The Impossible Dream

The Impossible Dream“Tilting at windmills” – a phrase made famous by the off-kilter actions of knight-errant Don Quixote in ‘Man of La Mancha’ – signifies a misdirected idealism.  Indeed, crazy Don Quixote saw the beautiful in everything, no matter how much trouble it got him into, no matter how others derided his optimism.

The Don Quixotes of our world are always a source of both ridicule and wonder.  Yet think about who become our guiding world stars.  It is often the ‘naïve’ idealists who hold to their principles despite mockery and long odds, like Mahatma Ghandi, the Dalai Lama, Aung San Suu Kyi, Martin Luther King.  These people gained enormous respect as they stuck to their principles in the face of much greater dangers than we typically face in our work lives.  They refused to simply ‘go along’ because it was the easier route.  In the end, they won people to their idealistic principles and beliefs by the force of their own dedication to them.

Sure, you say – these leaders were after societal change.  They had big ‘impossible dreams’.  But what would make anyone want to buck the system in his or her workplace?  What’s in it for the individual or the organization?  Take a look at a few examples.  Where would Wells Fargo be today if one of its leaders had stood his ground about the ethical imperative to do what was in the customer’s best interest?  Or Volkswagen about the importance of the company’s unassailable reputation?  They might have saved their companies from a slippery slope.  And there was also Steve Jobs, the Don Quixote of technology, whose outlandish vision was too precocious to be believable.  Tilting at a windmill, indeed.

How do we become effective, not foolhardy, Don Quixotes in our work lives?  How do we hold out for the best of ourselves and others, even in the face of disparagement?

Whose principles are you standing for?  Examine first your own motivations.  It’s easy to conflate our own desires with the good of the order.  Andrew, the HR VP, argued strongly that the company’s benefits package favored singles over families.  But his counter-proposals seemed to give increasingly greater benefits as families grew.  Given his own family of five children, he risked his entire argument appearing self-serving.

What are the principles you want to champion?  For each of us, this is an important question.  We all know people who pick a fight about everything, and soon they’re no longer heard.  The best leaders stand out because they stand for just a few important ideas, and they keep those front and center.  Think about Howard Schultz, former CEO of Starbucks, whose actions sent clear and continual messages about his equal commitment to the quality of his product and to the wellbeing of his employees.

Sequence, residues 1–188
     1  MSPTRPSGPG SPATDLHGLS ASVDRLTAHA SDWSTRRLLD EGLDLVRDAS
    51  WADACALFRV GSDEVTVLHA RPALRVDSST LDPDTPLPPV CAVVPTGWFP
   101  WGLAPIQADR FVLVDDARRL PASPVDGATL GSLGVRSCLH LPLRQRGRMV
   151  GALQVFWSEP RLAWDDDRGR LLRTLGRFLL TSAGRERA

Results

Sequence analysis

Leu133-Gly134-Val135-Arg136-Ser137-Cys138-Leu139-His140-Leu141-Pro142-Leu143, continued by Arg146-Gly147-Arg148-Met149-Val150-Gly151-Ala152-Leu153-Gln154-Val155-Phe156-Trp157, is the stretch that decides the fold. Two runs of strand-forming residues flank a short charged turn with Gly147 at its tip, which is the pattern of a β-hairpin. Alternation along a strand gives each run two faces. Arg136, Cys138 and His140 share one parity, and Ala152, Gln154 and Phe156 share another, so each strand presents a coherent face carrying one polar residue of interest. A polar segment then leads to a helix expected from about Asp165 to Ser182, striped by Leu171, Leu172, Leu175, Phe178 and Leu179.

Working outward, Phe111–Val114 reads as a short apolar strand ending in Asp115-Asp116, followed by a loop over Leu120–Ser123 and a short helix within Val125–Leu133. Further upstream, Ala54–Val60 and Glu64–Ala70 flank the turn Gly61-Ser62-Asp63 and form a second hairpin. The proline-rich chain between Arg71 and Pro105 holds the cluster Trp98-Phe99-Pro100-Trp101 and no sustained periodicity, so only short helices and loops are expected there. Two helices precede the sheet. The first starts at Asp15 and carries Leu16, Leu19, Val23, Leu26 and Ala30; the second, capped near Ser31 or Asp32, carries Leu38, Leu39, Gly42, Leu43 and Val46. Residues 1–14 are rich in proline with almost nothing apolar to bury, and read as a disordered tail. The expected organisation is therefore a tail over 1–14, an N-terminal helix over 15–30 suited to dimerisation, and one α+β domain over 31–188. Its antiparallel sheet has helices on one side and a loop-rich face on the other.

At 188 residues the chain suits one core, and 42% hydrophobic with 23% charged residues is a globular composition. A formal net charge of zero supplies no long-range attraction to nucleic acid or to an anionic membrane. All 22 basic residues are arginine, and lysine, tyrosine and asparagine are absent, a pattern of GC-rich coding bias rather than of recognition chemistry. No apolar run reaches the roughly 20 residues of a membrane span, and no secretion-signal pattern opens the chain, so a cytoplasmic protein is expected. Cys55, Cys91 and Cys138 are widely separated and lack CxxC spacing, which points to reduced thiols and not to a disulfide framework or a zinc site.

Think about the nature of the principles to which you want to attach your reputation.  Themes that help you to garner respect for sticking to your guns include:

  • Ethics – is there a strong sense of what is right and just that most people could agree on? If so, your ground is solid.
  • Speaking for those that have difficulty speaking for themselves – are you speaking for a group that is disadvantaged by your company or by society? Are you attempting to right a perceived wrong?  These can be powerful motivators of respect for you – but are predicated on your selflessness in the quest.
  • Speaking for independent thought – speaking up to urge openness, to discourage closing down ideas is seen as helpful and bold.

Think also about what difference it will make.  There are big principles and small principles.  One leader took a major stand over the rights of her employees to have 24/7 access to company files, something about which her employees were, at best, ambivalent – and something that confused company leadership – why was this such a big deal?  To her, it was the principle of access on demand, but she failed to consider whether it was important enough to warrant her advocacy.

How will you stand for your principles?  Tilting at windmills is a nuanced operation.  If you want to be effective, it requires that you exercise finesse in the execution.  The Man of La Mancha’s bumbling style will not serve you well, nor will a strident, in-your-face recitation of why everyone else is wrong and you’re right.  Your job is not even to act as a teacher.  Instead, you are calling out what already exists.  You are respectfully asking others to tap into their best selves; to access their own principles.  You are reminding them that they are noble and decent human beings who want to and are capable of doing what is right and in everyone’s best interests.  In this way, your principles become their principles as well.

John McCain’s recent exhortation to his Senate colleagues demonstrated how to do it well.  The powers of the United States Senate are awesome, he said, and its members need to be worthy of that power.  He called on his fellow Senators to exercise their best versions of themselves.

 

Let’s be clear.  Real leaders stand up for principles.  They do not back away from the politically difficult job of having a well-considered opinion that breaks ranks.  But they are clear about what they stand for, and skilled in how they communicate their ‘impossible dreams’.  Do you know what ‘unreachable stars’ you are hoping to scale?

Written by Marge Combe, VMC Consultant

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